Government Audit Requirements and Backups
Novell Cool Solutions: Trench
By David Dean, Lindsey Johnstone
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Posted: 7 Feb 2002
We asked Advisory Board members Lindsey Johnstone and David Dean to respond to a new issue that some of our readers are dealing with. These particular readers have been asked to comply with a new regulation that deals with backups and the "last accessed by" file attribute.
Here's what they're asking:
We have this growing problem as our department begins adapting the state mandated IS audit requirements.
The issue is around the "last accessed by" file attribute. It works great until we backup the data and then the "last accessed by" attribute becomes the backup software ID. We have a requirement to hold on to the last real user. Can anyone give us some advice about how to comply with this regulation?
Here are some ideas straight from the Board:
Lindsey: It really depends on the backup software you're using. Some programs specifically leave this field alone (good) and others insist on changing it (bad, very bad). Look in the configuration settings of the backup software you're using. The major vendors like Tivoli Storage Manager and Veritas Back Up Exec all have this as a setting.
David: Lindsey is correct. But there's something else to consider. Some programs are misbehaved and arbitrarily change attribute data.
For example, reading a directory's contents with MS explorer touches and opens EVERY file in the directory. This skews all of the information about last access. So, even if the backup software is leaving the attribute alone it is likely that the REAL information about those properties is NOT accurate either.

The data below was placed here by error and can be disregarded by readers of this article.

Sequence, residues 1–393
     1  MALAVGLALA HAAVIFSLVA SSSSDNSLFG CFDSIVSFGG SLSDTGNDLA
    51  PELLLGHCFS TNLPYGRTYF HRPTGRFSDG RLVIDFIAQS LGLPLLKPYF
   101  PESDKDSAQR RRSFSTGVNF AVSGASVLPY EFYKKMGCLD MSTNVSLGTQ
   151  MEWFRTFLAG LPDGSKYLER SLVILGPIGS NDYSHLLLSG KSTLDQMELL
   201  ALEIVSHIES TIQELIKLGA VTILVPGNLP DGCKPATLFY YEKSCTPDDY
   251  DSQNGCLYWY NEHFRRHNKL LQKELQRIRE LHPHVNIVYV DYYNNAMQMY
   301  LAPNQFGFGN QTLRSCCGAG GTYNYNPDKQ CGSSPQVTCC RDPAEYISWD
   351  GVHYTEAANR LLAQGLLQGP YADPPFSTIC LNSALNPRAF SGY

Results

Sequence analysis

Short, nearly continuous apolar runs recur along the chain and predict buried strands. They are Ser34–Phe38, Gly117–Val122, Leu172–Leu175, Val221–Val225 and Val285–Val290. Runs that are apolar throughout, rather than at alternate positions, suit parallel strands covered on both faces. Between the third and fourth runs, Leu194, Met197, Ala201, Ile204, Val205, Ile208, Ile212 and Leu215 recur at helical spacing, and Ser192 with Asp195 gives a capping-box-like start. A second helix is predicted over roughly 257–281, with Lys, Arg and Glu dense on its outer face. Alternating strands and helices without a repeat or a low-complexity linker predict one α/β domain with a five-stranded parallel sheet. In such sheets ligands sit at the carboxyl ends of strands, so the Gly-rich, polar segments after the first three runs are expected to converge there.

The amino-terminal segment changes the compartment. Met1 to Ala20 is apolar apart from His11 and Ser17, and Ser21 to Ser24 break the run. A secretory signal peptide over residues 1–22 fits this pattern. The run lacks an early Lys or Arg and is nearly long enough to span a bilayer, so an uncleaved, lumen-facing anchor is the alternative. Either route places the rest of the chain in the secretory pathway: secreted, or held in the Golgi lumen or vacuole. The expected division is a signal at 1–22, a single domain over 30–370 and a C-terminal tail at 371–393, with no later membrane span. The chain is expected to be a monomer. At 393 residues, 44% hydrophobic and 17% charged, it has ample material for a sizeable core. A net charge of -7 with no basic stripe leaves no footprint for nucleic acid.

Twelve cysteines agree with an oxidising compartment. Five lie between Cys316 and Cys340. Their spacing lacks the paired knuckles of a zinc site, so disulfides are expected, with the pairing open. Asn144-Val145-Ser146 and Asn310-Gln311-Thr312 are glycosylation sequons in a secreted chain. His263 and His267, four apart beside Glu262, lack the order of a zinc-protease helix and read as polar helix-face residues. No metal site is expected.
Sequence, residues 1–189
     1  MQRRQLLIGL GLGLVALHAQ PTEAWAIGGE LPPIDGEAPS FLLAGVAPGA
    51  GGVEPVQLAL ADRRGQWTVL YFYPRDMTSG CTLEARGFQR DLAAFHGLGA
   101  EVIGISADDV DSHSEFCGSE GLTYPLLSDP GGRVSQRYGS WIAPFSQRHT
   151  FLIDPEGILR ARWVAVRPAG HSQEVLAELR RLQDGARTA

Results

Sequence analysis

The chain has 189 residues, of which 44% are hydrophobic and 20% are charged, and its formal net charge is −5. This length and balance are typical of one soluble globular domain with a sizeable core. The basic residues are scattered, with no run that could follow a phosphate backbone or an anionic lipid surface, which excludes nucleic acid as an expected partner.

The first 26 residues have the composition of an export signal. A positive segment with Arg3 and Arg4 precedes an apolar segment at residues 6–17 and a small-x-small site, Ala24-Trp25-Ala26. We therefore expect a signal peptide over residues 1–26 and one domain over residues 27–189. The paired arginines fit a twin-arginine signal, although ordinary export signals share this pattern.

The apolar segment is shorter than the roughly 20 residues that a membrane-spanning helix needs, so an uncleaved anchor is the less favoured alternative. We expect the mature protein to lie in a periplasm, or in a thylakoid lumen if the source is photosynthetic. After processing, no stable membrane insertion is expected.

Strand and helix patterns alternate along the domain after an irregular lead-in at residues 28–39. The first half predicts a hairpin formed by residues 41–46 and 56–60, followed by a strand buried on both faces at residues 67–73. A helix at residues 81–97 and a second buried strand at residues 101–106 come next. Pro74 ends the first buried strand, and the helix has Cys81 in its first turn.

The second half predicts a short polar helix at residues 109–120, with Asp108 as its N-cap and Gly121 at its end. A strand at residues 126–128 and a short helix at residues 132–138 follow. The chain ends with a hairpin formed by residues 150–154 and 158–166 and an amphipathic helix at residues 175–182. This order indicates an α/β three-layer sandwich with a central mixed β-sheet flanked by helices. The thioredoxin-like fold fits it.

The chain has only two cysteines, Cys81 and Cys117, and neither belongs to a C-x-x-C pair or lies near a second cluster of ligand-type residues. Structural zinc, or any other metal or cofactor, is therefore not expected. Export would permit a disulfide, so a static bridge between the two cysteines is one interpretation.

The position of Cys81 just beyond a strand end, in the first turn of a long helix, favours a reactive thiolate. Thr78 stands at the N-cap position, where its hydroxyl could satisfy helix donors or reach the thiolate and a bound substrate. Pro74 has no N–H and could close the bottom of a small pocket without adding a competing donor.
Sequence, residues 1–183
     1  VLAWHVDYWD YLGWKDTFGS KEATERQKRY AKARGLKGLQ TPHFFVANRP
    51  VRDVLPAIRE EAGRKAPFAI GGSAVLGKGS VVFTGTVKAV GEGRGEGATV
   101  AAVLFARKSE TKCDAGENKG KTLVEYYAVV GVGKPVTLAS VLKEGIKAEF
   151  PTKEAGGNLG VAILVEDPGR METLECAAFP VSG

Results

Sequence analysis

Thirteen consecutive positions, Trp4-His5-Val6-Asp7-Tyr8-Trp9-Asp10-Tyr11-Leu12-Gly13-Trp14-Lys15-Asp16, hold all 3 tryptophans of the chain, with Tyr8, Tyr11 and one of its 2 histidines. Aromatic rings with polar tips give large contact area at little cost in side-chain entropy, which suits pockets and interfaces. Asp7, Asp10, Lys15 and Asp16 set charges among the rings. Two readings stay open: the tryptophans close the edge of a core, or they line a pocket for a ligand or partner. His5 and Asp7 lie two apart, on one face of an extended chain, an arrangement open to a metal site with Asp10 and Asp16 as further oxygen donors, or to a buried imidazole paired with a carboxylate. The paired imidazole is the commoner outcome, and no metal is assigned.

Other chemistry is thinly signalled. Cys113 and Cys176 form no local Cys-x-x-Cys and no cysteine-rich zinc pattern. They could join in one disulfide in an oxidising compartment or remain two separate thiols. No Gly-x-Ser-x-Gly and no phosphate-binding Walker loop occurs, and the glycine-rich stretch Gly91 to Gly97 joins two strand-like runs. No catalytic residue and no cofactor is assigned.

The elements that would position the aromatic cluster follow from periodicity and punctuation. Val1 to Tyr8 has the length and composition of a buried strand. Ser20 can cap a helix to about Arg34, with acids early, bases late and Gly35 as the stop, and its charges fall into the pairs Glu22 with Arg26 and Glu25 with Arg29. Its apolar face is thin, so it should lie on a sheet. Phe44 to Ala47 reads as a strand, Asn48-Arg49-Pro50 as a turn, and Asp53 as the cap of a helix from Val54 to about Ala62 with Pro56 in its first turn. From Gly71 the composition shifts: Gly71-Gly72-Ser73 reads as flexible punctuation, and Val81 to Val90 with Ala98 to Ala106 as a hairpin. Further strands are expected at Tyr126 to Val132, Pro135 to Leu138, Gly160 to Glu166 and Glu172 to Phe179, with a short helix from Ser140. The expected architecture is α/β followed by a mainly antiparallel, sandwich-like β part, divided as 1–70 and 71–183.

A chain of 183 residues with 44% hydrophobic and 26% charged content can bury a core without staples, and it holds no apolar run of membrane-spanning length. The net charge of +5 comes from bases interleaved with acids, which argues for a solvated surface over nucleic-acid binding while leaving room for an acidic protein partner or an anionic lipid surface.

Lindsey: You are absolutely correct. That's why I use tools such as Treesize Pro to view file dates without disturbing the last access date. There are other tools, such as Calypso, that allow viewing without changing that field.
David: Yes, up there are ways to leave the file attributes alone. Most the ManageWise and ZENworks functions behave well. NDIR leaves file attributes alone too.
The problem is that unless you force the use of those methods on the user base, the information is probably tainted. The real question is how useful the information is. I have been in directories and run nlist and found all files accessed 5 min before I looked, ALL of them accessed at the same time, that kind of information is less than useless to managing drive systems.
For those that are faint of heart at command line power and speed and/or with DOS, on the Cool Solutions site there is a Windows NDIR type tool. It could be tested to see if it leaves this alone or not.
NDIR for Windows:
If you have ideas to add, please, throw them on over.
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